i am also autistic. i have a high functioning autism leaning towards the aspergers side i believe. i have not been formally diagnosed (other than by my wife) but i always knew something was a little off. how nobody noticed i am autistic is a mystery. or maybe they did know. definitely i am not "normal". i am now 30 years old but shockingly i only found out last year that i am autistic. it totally blew my mind. much like this website does. all i can really think is wtf! how is this all even possible? is this even real? how can this be? all this time i don't know why everything seemed so normal and then all the sudden things are no longer normal in life. huh, who knew?
cameronjcw, i know exactly how you feel because i have struggled in similar ways. i really, really, really hate doing the dishes, which reminds me... i am supposed to be doing them right now. i also absolutely hate if i step on dirt on the floor for some reason. but i have learned to adapt quite well through life. luckily i found a beautiful woman a few years ago on icq, back when it was popular i literally searched for her and found her and kept her, and then we got married last july. she is a child and youth counsellor and she teaches me things all the time about myself and how to deal with all the challenges i face. but now that i have read many of the things on this website she probably thinks i am nuts. and as she might say, who cares what other people think, it simply doesn't matter what they think, it is their own problem, not yours. go sing and dance and be happy and it doesn't matter if you are a "walking disaster". you in fact are not. you are a beautiful creation, a work of art, even if you think you're broken. do not put thoughts like that in your head. what you tell others about yourself actually can affect yourself. there is a name for it but i can't think of it right now. it was first described to me in the book the power of intention by wayne dyer which i would highly recommend you check out. i don't even know you but i know myself and i know some things are not easy but you can only do what you can do. sometimes it may not seem like it but i know for a fact we can do things, and think things other "normal" people cannot. i think we are all normal, and we are all here, right now. what is not normal about that? surround yourself with cheerful things and smile. it doesn't matter if anyone sees you or hears you. if anything they would be jealous that they aren't able to allow themselves to be so happy. or maybe you will put a smile on their face and make them happy too.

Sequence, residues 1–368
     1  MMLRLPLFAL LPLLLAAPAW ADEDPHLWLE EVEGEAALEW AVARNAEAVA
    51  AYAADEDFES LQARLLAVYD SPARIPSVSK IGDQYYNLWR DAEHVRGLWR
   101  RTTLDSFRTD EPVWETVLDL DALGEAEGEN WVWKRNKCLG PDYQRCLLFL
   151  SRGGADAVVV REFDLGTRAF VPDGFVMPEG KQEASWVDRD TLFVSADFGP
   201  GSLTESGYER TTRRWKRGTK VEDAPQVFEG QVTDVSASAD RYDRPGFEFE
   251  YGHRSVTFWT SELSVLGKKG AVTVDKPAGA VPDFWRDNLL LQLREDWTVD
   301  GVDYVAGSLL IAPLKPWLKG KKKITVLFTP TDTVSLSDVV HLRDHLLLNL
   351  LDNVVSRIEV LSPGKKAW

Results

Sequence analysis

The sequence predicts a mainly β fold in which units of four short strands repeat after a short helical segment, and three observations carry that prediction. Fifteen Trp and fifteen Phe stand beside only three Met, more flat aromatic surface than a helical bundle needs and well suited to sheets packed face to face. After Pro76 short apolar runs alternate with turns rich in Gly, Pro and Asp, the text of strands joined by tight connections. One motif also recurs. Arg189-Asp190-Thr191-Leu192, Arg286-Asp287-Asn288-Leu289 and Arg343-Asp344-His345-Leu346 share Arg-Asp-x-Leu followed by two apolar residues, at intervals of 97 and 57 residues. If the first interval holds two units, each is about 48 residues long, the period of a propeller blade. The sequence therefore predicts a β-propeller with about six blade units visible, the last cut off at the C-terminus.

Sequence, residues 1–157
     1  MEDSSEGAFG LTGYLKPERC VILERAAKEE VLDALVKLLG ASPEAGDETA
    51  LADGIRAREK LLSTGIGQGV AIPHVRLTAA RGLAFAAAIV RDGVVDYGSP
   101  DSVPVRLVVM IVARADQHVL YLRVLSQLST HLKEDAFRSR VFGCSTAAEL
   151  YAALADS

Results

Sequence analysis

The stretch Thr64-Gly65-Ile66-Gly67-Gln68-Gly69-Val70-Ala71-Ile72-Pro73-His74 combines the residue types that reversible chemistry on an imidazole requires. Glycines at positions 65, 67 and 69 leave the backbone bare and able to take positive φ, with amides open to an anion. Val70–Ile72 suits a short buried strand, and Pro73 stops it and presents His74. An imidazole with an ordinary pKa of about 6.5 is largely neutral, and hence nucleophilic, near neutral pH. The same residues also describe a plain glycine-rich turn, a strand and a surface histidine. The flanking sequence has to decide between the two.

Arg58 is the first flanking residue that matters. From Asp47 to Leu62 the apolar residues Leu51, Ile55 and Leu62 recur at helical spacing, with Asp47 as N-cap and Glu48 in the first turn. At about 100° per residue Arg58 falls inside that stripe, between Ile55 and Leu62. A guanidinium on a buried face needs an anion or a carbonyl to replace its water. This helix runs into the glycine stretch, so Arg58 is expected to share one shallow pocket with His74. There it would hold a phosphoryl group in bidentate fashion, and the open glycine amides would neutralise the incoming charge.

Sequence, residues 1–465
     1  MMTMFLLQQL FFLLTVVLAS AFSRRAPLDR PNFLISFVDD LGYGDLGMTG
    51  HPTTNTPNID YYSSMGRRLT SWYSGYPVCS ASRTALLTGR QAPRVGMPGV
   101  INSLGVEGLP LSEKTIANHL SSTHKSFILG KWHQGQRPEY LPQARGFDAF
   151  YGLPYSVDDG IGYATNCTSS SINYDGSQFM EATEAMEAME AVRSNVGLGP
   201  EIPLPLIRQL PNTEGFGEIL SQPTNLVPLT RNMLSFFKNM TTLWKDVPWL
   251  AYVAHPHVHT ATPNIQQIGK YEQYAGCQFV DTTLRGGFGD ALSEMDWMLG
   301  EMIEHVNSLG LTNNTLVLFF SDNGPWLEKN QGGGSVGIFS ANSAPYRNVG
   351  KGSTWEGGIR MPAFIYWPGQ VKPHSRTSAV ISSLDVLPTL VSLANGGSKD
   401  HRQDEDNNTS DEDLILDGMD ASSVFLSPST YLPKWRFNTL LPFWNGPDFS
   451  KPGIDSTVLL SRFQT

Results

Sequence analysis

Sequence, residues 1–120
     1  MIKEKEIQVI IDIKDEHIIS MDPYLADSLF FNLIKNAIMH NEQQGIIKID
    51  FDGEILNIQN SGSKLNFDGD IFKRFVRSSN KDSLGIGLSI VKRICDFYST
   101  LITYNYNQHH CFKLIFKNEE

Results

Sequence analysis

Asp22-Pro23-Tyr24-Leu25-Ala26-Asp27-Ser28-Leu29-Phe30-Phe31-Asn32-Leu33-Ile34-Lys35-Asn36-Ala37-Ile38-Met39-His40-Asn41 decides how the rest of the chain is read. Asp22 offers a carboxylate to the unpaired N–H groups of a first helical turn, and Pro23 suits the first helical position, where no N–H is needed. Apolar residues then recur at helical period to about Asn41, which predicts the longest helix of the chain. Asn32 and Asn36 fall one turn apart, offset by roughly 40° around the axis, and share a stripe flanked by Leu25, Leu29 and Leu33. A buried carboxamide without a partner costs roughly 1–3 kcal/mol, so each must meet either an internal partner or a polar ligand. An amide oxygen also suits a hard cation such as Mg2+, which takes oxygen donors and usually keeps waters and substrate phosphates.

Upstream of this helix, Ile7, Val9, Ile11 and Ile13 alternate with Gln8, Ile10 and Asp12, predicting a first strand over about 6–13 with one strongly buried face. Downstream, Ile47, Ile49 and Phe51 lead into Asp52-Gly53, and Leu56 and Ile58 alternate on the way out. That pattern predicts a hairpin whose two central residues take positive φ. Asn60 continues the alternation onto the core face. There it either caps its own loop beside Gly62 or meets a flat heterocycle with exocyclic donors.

to megalithicme, if you haven't tried this, and everyone who is autistic or thinks they might be, and for all i know anyone else might benefit from this in some way, go try the gfcf diet. i must warn that it's hard and can cost extra money, but it totally works. it is probably the closest thing to a cure for autism. i have been on that diet ever since i found out and people say i have become more social and happy, i can think better, things are clearer. in other cases it has an even more dramatic effect on people. it is a gluten-free, dairy-free diet. specifically all gluten protein and casein protein must be cut. also, i don't eat any red meats if i can help it. no processed sugars, no preservatives, no carmel colour, and even cutting out apples and corn can be tested as some people say that helps. there are probably other suggestions out there as well. there are plenty of websites which explain this type of diet in detail. i recommend reading many, not just one. the diet takes some getting used to but it is definitely worth it.
now if i accidentally eat something with gluten or casein protein in them my face kind of feels like it goes a little numbish, and then i may get a little wild. then later i think i may get some sort of withdrawal symptoms and get a bit angry or something. it seems to take a couple days until i start to feel right again.
to be continued...